Saturday, August 16, 2003

Libya: Lockerbie deal run down

Here is the full-text of the letter Libya sent to the Security Council on Friday, accepting responsiblity of the 1988 Lockerbie bombing. US and UK also sent a letter to the Security Council stating they were ready to see the UN sanctions lifted.

Note: Libya (the country/government) is not taking responsibility for the bombing ... it's accepting responsiblity for the actions of its "officials".

The UK said today that it will shortly introduce a resolution before the Security Council which will call for UN sanctions against Libya to be lifted.

The US will maintain sanctions against Libya and keep it on the list of state sponsors of terrorism. But indications are that the US will abstain when the resolution is brought to a vote in the Security Council.

Right now, it's France which seems likely to scuttle the resolution with a veto. France wants a settlement -- for the 1989 bombing of UTA Flight 772 over Niger which killed 170 people -- that is equal to that awarded the victims of Lockerbie. Though Libya never admitted responsibility for the bombing of the UTA flight, it did pay about $30 million to settle claims by the victims' families.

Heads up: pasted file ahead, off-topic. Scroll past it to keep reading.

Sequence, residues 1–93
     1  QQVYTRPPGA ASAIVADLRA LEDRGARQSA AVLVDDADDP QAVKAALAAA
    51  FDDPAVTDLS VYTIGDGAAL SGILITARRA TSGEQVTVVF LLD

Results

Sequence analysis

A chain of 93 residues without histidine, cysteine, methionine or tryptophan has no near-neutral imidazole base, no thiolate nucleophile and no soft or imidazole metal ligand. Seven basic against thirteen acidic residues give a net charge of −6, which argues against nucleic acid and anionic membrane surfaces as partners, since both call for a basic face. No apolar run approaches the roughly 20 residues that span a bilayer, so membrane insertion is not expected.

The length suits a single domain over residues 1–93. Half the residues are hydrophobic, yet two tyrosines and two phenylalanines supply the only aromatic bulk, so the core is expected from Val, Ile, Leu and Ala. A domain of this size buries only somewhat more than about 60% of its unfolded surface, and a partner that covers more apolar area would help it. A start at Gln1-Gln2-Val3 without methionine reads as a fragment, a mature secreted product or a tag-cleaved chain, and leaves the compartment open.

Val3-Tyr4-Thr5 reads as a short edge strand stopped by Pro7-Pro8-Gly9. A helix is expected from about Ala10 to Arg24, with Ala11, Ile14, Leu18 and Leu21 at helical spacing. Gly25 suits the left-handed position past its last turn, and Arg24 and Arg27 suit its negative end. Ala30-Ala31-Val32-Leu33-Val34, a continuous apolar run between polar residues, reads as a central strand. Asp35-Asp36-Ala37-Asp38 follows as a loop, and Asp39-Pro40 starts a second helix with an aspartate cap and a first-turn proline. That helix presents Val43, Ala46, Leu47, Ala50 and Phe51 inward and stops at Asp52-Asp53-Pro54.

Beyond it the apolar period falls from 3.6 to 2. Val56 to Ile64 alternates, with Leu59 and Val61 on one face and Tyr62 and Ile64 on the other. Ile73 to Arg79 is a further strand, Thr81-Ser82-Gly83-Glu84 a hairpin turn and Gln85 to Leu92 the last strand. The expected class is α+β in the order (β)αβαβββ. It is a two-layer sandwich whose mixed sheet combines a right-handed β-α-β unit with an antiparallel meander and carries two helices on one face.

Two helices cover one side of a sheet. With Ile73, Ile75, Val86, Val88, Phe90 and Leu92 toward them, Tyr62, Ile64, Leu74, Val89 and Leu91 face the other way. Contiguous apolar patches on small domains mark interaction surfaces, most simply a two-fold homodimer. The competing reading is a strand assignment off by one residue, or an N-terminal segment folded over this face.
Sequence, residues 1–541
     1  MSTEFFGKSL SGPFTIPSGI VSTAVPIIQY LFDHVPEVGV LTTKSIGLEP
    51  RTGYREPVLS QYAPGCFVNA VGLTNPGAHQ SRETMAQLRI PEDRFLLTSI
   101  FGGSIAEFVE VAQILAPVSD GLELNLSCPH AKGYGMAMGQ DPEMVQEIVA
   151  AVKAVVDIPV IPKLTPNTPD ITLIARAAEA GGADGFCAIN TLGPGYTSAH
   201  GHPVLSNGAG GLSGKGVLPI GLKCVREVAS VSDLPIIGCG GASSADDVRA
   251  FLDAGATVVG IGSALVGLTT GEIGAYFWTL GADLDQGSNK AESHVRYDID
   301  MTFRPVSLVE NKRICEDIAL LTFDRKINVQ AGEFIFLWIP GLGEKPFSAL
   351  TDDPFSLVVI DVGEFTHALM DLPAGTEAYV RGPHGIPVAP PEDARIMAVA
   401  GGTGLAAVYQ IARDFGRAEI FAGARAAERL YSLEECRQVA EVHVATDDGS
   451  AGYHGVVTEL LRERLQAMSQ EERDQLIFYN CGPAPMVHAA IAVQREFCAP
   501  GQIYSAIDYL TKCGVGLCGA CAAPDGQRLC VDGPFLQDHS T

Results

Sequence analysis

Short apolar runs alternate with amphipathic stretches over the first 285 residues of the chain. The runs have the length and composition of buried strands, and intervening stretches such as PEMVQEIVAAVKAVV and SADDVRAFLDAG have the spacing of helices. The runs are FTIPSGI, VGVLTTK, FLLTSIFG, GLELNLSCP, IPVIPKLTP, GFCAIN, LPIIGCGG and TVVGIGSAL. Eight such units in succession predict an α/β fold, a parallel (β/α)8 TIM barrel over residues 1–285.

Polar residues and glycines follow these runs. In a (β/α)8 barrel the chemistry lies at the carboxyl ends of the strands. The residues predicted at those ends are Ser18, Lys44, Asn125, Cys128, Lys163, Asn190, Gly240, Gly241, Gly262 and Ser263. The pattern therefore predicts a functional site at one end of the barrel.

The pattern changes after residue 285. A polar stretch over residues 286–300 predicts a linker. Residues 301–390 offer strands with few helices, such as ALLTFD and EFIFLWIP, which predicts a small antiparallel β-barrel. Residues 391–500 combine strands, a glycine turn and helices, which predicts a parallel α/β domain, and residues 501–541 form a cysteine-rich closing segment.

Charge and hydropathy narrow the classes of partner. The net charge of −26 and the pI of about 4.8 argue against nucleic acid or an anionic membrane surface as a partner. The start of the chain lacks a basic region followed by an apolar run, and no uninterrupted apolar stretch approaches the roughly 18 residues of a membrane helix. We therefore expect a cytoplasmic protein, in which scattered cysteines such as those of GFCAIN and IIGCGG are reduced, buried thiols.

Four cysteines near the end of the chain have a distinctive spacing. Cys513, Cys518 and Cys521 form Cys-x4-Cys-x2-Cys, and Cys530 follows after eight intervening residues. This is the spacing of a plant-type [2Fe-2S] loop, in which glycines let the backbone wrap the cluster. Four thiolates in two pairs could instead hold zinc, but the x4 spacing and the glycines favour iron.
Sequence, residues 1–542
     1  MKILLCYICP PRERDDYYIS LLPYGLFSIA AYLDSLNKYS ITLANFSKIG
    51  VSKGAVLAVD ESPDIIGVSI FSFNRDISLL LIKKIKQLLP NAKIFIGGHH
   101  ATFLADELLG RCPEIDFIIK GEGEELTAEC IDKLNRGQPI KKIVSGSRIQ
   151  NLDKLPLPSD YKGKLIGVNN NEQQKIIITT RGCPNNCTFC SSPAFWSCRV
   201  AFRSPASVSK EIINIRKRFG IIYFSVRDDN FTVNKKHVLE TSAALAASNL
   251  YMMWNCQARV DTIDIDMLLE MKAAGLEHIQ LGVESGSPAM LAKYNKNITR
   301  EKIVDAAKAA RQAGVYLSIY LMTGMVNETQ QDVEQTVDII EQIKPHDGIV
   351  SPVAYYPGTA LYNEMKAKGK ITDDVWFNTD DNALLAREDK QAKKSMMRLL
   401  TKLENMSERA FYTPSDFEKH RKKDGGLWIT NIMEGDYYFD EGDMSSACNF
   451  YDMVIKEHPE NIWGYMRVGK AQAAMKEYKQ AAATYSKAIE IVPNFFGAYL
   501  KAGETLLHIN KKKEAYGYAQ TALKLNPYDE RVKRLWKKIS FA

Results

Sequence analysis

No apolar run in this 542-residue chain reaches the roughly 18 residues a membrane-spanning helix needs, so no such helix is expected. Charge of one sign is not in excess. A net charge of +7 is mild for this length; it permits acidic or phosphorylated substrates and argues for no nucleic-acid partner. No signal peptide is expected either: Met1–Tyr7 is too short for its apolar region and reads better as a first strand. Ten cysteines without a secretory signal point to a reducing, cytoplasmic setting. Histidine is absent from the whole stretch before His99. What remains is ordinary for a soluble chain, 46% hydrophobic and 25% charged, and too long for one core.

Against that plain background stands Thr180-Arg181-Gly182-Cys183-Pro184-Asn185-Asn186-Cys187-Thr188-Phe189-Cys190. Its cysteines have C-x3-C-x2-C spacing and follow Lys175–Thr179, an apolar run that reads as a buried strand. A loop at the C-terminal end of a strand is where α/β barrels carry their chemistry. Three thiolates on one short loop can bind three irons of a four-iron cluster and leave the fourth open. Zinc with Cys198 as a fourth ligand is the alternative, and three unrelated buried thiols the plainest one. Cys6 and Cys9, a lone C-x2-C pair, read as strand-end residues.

In an interview with CNN today, Libyan Foreign Minister Mohamed Abderrhmane Chalgam said that Tripoli would not accept what he called "any kind of extortion" from France.

According to this Finciancial Times story, the $2.7 billion is not paid out all at once.
Under the agreement, they [the families] are to be paid $4m each when United Nations sanctions are lifted, $4m when separate US commercial sanctions are lifted and $2m when Libya is removed from the US State Department's terrorism watchlist.
Here is another bit from the same FT article that is quite interesting. It seems that Libya has been protecting/honoring the assets/stakes of those US oil companies forced out out of the country following the imposition of US sanctions in 1986. The US companies are: ConocoPhillips, Amerada Hess and Marathon.

Der Spiegel, in an issue due out Monday, also reports that Libya has promised Germany compensation for the 1986 bombing in a west Berlin nightclub. According to Der Spiegel, Libya made the offer several months ago. There doesn't seem to be official confirmation of the story from the German government.

Recall that it was the nightclub bombing in 1986, which killed three US servicemen, which prompted the US to launch air strikes against Libya and impose sanctions. The air strikes killed about 40 Libyans, including Qadhafi's adopted daughter.

Earlier this year, a profile of Muammar Qadhafi appeared in the New York Times Magazine. You have to pay to get the article on the NY Times site ... but the owner of this site seems to have copied the entire article. It's an interesting read and the story helps make some sense of how the Lockerbie deal came about.